Sales contracts increased to 22,564 trucks and buses from 19,586 vehicles a year earlier, while deliveries jumped 33 percent, Soedertaelje, Sweden-based Scania said today in a statement. Net income fell 6 percent to 1.37 billion kronor ($210 million) as a strengthening Swedish currency and truck-price pressure weighed on earnings. Revenue gained 19 percent to 22.8 billion kronor.
“The economic climate remains uncertain, but there is a replacement need,” Chief Executive Officer Martin Lundstedt said in the statement. “Scania is continuing its efforts to expand annual technical production capacity toward 120,000 vehicles.”
The manufacturer is rolling out new vehicles that meet tighter emissions standards to drive sales in a bid to counter recessions across Europe. New registrations of heavy commercial vehicles weighing more than 16 metric tons in the region, excluding buses and coaches, fell 13 percent in the first five months of 2013, with double-digit declines in all major markets, industry association ACEA said on June 28.
Scania fell as much as 5.1 percent to 140.3 kronor, the steepest intraday drop since April 2012, and was trading down 2.7 percent at 10:30 a.m. in Stockholm, valuing the manufacturer at 113.8 billion kronor.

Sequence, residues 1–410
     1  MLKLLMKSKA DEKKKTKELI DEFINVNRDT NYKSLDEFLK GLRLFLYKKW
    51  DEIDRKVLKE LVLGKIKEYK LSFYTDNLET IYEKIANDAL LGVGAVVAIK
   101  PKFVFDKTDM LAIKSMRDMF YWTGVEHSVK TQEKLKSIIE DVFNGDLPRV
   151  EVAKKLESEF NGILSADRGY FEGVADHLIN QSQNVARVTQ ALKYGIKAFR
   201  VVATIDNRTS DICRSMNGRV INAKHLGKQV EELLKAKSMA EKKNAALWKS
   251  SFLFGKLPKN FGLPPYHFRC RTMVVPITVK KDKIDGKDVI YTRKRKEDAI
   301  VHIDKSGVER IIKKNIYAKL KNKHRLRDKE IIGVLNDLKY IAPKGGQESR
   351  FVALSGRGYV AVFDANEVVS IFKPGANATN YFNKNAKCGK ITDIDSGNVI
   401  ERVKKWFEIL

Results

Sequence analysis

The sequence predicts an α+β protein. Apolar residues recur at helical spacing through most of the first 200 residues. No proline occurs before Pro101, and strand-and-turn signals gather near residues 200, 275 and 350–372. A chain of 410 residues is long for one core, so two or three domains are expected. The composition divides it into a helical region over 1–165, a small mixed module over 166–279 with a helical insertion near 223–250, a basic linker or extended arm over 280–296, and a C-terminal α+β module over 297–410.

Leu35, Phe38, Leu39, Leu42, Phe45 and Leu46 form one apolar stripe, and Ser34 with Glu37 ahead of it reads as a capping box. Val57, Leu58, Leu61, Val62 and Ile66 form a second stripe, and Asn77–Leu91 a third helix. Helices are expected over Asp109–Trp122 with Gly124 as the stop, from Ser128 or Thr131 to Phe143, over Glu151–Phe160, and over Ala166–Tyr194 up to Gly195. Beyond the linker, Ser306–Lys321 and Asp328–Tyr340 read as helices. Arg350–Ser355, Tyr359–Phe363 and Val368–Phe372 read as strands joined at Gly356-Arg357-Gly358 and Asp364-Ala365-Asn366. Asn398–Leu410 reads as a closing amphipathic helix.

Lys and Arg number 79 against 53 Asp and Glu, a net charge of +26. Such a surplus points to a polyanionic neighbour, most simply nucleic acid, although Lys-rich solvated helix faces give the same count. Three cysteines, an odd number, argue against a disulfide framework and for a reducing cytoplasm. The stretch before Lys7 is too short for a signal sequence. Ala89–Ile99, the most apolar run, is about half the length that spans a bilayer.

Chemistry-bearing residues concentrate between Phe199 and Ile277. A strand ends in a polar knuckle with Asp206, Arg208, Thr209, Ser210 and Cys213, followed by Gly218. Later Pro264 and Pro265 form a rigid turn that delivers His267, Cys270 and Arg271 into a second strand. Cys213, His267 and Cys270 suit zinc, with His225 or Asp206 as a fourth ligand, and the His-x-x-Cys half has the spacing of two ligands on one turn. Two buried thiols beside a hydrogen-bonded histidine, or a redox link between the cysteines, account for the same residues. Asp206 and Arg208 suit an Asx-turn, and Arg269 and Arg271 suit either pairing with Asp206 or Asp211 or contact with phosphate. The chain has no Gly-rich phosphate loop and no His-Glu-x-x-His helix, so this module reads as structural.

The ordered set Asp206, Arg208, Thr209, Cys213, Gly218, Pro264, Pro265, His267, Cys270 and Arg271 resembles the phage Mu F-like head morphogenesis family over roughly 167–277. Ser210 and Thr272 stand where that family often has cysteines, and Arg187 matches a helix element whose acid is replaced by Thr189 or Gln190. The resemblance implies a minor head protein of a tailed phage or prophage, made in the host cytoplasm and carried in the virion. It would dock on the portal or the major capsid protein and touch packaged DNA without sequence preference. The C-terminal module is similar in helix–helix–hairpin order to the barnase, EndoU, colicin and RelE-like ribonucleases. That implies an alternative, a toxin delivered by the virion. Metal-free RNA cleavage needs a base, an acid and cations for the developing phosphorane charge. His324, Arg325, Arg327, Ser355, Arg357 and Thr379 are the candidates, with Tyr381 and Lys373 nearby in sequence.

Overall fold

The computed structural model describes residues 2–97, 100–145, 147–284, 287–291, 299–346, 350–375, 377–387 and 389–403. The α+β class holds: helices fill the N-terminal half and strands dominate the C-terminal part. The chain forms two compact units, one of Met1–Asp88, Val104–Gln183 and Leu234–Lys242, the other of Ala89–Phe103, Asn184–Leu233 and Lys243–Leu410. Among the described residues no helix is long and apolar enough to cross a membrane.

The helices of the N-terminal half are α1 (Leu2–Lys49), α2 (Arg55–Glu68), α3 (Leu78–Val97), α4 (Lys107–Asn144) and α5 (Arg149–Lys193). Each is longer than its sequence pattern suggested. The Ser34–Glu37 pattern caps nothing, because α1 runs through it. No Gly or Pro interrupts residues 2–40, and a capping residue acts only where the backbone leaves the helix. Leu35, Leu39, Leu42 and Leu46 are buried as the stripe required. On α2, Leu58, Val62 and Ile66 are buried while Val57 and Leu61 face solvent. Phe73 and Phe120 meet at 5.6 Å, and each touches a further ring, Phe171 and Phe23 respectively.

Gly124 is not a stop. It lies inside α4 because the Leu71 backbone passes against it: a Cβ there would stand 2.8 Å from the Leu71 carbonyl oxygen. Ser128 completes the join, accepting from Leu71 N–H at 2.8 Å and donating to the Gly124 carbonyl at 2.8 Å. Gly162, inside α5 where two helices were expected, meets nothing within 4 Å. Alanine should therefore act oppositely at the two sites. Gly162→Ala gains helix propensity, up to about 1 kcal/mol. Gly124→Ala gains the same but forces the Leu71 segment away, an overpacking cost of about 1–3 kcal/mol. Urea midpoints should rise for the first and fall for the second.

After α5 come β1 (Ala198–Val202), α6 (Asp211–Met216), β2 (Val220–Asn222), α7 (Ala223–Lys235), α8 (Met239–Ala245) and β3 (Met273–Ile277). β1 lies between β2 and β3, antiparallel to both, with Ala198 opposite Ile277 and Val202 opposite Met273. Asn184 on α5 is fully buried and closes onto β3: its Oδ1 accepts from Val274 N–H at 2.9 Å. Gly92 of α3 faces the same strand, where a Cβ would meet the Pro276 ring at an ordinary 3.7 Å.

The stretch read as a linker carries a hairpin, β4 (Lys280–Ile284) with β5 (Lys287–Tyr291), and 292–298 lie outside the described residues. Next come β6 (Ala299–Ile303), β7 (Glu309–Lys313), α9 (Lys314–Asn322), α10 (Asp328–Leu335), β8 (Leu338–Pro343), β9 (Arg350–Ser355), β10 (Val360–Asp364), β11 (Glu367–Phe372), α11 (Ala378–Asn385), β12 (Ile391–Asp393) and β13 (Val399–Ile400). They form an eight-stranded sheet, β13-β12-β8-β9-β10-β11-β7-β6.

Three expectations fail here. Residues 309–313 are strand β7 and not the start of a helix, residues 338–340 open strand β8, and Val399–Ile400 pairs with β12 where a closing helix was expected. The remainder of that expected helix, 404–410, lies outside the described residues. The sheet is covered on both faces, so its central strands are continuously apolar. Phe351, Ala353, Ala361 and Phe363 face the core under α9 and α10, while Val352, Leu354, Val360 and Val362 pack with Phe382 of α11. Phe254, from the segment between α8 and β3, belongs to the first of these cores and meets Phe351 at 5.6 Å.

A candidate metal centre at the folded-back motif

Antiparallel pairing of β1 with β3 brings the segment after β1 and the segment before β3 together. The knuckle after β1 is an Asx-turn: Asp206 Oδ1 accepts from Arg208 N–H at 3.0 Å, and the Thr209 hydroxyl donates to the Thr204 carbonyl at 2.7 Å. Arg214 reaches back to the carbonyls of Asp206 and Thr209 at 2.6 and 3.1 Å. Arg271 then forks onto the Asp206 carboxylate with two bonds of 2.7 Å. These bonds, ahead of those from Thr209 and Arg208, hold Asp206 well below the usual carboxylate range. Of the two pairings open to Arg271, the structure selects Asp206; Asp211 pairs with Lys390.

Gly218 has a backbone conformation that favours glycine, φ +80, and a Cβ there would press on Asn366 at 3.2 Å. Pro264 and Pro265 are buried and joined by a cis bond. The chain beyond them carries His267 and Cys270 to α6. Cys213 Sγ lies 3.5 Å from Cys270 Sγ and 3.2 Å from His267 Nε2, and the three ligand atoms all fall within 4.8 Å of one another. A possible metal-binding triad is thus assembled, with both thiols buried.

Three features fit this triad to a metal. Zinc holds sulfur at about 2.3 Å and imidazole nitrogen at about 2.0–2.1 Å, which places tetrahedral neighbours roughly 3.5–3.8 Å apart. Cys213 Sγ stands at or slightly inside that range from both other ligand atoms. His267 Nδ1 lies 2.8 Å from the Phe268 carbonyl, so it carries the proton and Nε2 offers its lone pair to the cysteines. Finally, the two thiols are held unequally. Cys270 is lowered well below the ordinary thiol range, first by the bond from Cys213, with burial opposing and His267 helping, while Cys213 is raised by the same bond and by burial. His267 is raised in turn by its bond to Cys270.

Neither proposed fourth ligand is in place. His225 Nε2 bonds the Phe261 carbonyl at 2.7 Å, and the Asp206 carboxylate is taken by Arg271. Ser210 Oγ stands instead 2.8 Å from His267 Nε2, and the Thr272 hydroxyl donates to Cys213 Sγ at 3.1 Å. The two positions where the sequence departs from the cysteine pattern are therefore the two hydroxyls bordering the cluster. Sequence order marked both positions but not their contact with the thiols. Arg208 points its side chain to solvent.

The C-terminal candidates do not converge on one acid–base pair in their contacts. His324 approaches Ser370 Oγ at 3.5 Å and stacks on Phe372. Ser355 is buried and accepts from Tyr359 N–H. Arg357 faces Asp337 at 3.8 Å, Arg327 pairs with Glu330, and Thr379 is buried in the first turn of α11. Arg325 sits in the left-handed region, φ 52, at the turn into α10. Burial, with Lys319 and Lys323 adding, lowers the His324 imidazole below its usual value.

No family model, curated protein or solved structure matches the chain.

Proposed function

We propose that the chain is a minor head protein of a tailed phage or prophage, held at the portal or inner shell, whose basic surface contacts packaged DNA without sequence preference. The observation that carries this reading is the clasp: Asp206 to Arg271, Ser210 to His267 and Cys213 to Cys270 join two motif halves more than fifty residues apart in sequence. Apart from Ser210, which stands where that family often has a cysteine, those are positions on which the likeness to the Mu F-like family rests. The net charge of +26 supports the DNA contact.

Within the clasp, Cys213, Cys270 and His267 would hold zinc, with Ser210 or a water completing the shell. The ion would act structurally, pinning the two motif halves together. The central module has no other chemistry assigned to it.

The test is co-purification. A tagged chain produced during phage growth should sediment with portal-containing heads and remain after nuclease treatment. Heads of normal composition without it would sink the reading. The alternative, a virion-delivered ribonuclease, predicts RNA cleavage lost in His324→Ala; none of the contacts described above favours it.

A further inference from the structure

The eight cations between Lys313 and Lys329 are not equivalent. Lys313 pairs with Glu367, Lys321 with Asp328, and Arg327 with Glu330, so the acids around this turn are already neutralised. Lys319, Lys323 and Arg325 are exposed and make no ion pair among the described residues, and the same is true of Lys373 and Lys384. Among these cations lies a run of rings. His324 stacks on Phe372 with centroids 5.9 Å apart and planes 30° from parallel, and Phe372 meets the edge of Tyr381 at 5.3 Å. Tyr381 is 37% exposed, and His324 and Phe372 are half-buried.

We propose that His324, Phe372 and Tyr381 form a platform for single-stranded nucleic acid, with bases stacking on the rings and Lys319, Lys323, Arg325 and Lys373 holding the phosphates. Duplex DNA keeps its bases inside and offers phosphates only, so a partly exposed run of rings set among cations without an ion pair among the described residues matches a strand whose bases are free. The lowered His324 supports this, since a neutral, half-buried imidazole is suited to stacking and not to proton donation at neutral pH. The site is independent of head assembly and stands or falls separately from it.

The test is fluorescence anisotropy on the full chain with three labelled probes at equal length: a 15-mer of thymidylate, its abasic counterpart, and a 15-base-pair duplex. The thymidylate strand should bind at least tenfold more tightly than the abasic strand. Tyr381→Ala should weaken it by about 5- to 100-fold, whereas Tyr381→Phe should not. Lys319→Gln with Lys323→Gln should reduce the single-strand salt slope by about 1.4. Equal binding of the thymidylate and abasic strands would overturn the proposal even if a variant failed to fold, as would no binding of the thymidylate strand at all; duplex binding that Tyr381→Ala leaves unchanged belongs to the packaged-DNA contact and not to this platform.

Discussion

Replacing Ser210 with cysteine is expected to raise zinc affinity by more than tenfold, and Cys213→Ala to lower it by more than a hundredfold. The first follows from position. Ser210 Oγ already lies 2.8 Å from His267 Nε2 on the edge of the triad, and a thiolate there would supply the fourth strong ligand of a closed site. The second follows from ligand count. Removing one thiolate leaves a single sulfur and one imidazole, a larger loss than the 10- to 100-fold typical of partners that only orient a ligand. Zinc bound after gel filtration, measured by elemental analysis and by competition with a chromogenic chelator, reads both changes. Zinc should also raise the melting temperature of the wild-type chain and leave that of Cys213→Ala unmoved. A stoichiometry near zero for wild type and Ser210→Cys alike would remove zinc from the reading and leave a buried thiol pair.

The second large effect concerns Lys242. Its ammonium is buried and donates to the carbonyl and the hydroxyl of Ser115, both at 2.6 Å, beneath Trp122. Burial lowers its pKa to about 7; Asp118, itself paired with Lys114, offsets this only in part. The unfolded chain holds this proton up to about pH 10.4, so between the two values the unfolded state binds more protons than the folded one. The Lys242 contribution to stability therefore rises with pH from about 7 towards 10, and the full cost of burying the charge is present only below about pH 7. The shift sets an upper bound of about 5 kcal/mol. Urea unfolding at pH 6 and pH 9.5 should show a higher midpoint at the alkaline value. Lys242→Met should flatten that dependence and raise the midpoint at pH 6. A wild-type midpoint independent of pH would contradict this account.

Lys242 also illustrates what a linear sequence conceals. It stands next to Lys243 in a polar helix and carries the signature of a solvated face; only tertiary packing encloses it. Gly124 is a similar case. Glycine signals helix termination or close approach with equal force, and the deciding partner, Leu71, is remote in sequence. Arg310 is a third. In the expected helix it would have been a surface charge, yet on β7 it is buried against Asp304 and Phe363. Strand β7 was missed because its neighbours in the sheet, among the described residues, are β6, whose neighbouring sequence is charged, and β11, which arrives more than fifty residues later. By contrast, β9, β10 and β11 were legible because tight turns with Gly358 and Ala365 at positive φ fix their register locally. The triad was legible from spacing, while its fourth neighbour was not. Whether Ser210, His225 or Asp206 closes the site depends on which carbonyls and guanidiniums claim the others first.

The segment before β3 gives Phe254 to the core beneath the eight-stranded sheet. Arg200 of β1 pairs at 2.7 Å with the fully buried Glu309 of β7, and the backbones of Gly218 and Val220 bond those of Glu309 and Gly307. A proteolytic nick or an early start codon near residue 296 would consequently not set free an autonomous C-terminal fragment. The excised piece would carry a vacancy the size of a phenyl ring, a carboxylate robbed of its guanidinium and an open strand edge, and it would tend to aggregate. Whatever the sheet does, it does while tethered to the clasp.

Operating profit in the quarter rose 5 percent to 2.04 billion kronor. The operating margin narrowed to 8.9 percent of sales from 10.1 percent a year earlier.
JPMorgan Chase & Co. reduced its recommendation on Scania stock to neutral from overweight earlier this month, with a share-price estimate of 140 kronor, saying risks to growth in the European truck industry next year are increasing.
“We continue to view Scania as the best executor amongst our truck coverage but, with no upside to our price target, we prefer a neutral positioning until the risks in Europe and Brazil are understood or reflected in the stock,” Alexander Whight, a London-based analyst at JPMorgan, said in a note to clients on July 9.
Volkswagen, Europe’s biggest automaker, is forging a truck alliance between Scania and its Munich-based MAN SE (MAN) truck division to reap cost savings and take on global market leader Daimler AG. (DAI)
A domination and profit and loss agreement giving VW full control of MAN is now in effect after being entered in the corporate register, the truckmaker said on July 17. VW promoted former Scania CEO Leif Oestling to run its group trucks operation last year to lead cooperation efforts.
To contact the reporter on this story: Christoph Rauwald in Frankfurt at firstname.lastname@example.org